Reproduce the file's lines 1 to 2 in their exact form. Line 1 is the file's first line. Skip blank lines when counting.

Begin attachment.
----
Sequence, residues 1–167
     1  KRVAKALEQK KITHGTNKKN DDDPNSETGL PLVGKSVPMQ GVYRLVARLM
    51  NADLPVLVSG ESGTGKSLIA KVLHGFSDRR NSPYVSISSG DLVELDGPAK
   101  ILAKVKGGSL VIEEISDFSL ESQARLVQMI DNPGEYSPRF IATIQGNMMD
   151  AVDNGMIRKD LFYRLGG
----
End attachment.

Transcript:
Sequence, residues 1–167
     1  KRVAKALEQK KITHGTNKKN DDDPNSETGL PLVGKSVPMQ GVYRLVARLM